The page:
A Brief History of Stucco and How It’s Used

Written by  //  November 6, 2020  //  Construction Materials  //  Comments Off on A Brief History of Stucco and How It’s Used


You may best recognize the architectural process in popcorn ceilings, but stucco’s popularity dates back to ancient Greek and Roman cultures. To help you understand stucco’s popularity in modern buildings, we delve into a brief history of stucco and how it’s used.

Where Did Stucco Originate?

A brief history of stucco and how it’s used would be remiss without mentioning the ancient Greeks and Romans. They first created stucco with gypsum, marble dust, and glue. The material was lightweight and easy to work with, providing the astonishing details we see on buildings’ interior and exterior to this day.

Italians eventually began creating iconic structures with this technique during the Renaissance. This led to the technique spreading throughout Europe, quickly establishing stucco as a popular building material.

Not until the 1800s was lime-based stucco substituted for the more durable Portland cement. British stonemason Joseph Aspdin invented the cement, which builders quickly came to prefer over limestone. The name came from its resemblance to a stone found on the Isle of Portland on the British Coast.

The stucco style and material reached the United States by the 19th century, establishing permanence in American architecture in the early 20th century.

How Is Stucco Made?

Stucco is traditionally created through a three-step process. If it’s being applied to a wooden structure, a preliminary step involving a lath will take place. A lath is a wire mesh that should be applied to the wall before the stucco so that the material has something to cling to. The three layers that structures undergo are:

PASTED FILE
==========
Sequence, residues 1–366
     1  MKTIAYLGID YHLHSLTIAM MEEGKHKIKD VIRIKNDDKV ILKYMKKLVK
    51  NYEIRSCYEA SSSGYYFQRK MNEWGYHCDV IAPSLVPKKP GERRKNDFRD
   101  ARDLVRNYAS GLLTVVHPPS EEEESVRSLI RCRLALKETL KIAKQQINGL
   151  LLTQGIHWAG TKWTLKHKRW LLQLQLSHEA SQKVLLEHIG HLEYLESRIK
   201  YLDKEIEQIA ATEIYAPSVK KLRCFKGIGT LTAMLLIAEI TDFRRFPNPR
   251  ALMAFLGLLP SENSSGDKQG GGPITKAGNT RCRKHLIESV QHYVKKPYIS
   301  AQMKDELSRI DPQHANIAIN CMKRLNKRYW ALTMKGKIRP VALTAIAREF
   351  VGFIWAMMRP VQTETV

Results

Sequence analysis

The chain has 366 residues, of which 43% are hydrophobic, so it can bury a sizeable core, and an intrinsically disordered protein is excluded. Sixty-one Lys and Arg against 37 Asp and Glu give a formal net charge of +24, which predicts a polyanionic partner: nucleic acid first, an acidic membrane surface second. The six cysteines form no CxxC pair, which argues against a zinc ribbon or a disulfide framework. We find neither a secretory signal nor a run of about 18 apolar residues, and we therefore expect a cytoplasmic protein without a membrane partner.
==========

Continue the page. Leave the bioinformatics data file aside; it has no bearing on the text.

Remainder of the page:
1. The scratch coat: The name for this layer comes from the need to “scratch” it out for greater surface area application. It typically consists of sand and cement applied over the lath, if dealing with a wooden structure.
  2. The brown or leveling coat: This layer is scraped smooth to level the stucco. It’s composed of cement, sand, and lime and needs roughly seven to 10 days to assure dryness prior to the third layer’s application.
  3. The finishing coat: The third layer is also referred to as the color coat because during this step, the color of the stucco is decided. Appliance with a trowel allows for a textured design or smooth finish. There’s also the option to apply long-lasting acrylic atop this layer for additional color and exterior design options.

How Is It Used?

The term “stucco” duels as the name of an architectural style and the material used to create the style. Its wide recognition has resulted from the many perks of stucco exteriors, including resilience to weather elements, fire-resistance, and low impact on the environment. Stucco’s proven durability and low maintenance have earned it a spot as one of the most revered elements in architecture, gaining popularity as a material and technique since its conception during ancient times.

image credit: envato.com

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